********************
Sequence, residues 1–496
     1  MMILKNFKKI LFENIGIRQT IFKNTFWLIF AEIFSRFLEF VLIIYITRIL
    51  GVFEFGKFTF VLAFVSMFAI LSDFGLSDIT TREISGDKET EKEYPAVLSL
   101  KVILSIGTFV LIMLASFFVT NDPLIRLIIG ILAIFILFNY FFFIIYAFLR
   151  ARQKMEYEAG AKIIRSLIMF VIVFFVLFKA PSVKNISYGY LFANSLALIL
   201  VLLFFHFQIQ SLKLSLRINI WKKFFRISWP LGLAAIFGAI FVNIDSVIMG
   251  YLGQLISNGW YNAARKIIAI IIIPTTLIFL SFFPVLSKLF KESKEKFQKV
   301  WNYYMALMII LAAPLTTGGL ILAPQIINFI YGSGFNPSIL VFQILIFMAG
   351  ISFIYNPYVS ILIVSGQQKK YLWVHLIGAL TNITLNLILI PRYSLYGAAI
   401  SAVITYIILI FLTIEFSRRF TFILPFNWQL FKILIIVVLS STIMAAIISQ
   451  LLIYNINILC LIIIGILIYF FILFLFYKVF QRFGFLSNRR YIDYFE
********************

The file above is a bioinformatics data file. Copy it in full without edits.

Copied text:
Sequence, residues 1–496
     1  MMILKNFKKI LFENIGIRQT IFKNTFWLIF AEIFSRFLEF VLIIYITRIL
    51  GVFEFGKFTF VLAFVSMFAI LSDFGLSDIT TREISGDKET EKEYPAVLSL
   101  KVILSIGTFV LIMLASFFVT NDPLIRLIIG ILAIFILFNY FFFIIYAFLR
   151  ARQKMEYEAG AKIIRSLIMF VIVFFVLFKA PSVKNISYGY LFANSLALIL
   201  VLLFFHFQIQ SLKLSLRINI WKKFFRISWP LGLAAIFGAI FVNIDSVIMG
   251  YLGQLISNGW YNAARKIIAI IIIPTTLIFL SFFPVLSKLF KESKEKFQKV
   301  WNYYMALMII LAAPLTTGGL ILAPQIINFI YGSGFNPSIL VFQILIFMAG
   351  ISFIYNPYVS ILIVSGQQKK YLWVHLIGAL TNITLNLILI PRYSLYGAAI
   401  SAVITYIILI FLTIEFSRRF TFILPFNWQL FKILIIVVLS STIMAAIISQ
   451  LLIYNINILC LIIIGILIYF FILFLFYKVF QRFGFLSNRR YIDYFE